Want a Good Night's Sleep? Avoid These 5 Things
If you have primary insomnia, that is, if you have trouble falling asleep or staying asleep and it's not due to a medical problem, it is quite possible that one of your routine habits is to blame. Eating big dinners, drinking alcoholic beverages, sleeping in a hot room, exercising late in the day, and smoking cigarettes can all prevent you from getting a good night's sleep. Change these habits, and you may begin enjoying more and better quality sleep.
Although alcohol may relax you and make you feel drowsy so that you fall asleep more easily, it also prevents you from reaching the deeper stage of sleep, known as REM sleep. When you're not in the REM stage of sleep, you wake up easily and perhaps often throughout the night. Even if you do sleep through the night, you may not feel rested when you get up. If you can't avoid drinking alcohol altogether, drinking less and drinking earlier in the evening may help you sleep better.
Like any stimulants, food and beverages that contain caffeine can keep you awake at night. Caffeine stays in your body for at least 4 to 6 and as many as 12 hours, so that cup of coffee you drank after dinner, or maybe even as early as three in the afternoon, could be the reason you're still up at midnight.
Sleep hygiene, a term that simply means the conditions under which you sleep, plays an important role in the quality of your z's. A room that is uncomfortably warm or cold can prevent you from falling asleep and can also cause you to wake up time and again throughout the night. Try to maintain a consistently dark, cool, and comfortable sleep environment.
A large meal, especially if you eat it late at night, stimulates your digestive tract at a time when you want your body processes to slow down. Lying down too soon after a meal can also cause food to back up and result in heartburn or discomfort from indigestion. Drinking water or other fluids with a late-night meal can also disrupt sleep if you to have to get up and use the bathroom during the night.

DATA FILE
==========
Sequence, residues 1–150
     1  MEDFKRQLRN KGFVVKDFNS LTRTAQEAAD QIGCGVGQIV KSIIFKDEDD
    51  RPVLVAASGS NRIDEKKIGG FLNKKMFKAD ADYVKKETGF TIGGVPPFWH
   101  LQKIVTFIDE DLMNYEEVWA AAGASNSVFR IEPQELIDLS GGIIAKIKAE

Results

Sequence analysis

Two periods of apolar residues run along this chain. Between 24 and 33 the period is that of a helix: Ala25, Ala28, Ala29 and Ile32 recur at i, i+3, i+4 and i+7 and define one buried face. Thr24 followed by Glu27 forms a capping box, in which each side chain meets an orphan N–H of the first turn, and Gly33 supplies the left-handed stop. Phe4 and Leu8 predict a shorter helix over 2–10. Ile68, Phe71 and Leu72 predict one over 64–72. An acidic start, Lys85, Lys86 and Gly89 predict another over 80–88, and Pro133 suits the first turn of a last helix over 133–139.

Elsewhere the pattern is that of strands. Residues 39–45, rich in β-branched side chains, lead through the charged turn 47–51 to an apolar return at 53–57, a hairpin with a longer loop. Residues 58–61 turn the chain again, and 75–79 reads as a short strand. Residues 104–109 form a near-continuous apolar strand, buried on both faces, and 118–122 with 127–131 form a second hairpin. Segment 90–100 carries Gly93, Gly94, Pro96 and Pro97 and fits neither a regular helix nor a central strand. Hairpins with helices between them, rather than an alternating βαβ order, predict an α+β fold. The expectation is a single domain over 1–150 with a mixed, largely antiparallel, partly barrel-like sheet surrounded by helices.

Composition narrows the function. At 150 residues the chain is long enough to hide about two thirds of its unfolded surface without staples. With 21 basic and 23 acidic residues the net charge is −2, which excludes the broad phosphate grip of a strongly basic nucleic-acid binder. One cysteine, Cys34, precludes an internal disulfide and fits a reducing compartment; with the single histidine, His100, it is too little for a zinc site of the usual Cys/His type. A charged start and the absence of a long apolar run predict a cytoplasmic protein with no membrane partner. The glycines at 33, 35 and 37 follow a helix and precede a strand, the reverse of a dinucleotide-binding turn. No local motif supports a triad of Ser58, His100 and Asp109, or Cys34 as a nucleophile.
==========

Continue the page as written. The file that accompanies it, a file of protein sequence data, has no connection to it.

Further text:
If you smoke, you're likely to be a light sleeper to begin with. Being a smoker also makes you susceptible to early risings as your body begins to suffer from nicotine withdrawal.
Other activities that can keep you awake at night include routinely taking antihistamines or other medications that potentially reduce the quality of your sleep, taking your troubles to bed with you, sleeping with a restless partner or pet, exercising too close to bedtime, or simply going to bed too early. Since chronic insomnia can affect your physical and mental health, as well as your personal and professional relationships, it's important to do whatever you can to control the conditions that prevent you from getting a good night's sleep.
National Institute of Neurological Disorders and Stroke: Brain Basics: Understanding Sleep. Web. 9 September 2011
National Sleep Foundation: Can't Sleep? What to Know About Insomnia. Web. 9 September 2011.
Smith, et. al.; "Insomnia Management"; The University of Louisiana at M0nroe College of Pharmacy. Insomnia Series, P1. July 2008. Web. 9 September 2011
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The material on the QualityHealth Web site is for informational purposes only, and is not a substitute for medical advice, diagnosis, or treatment provided by a physician or other qualified health provider. See additional information.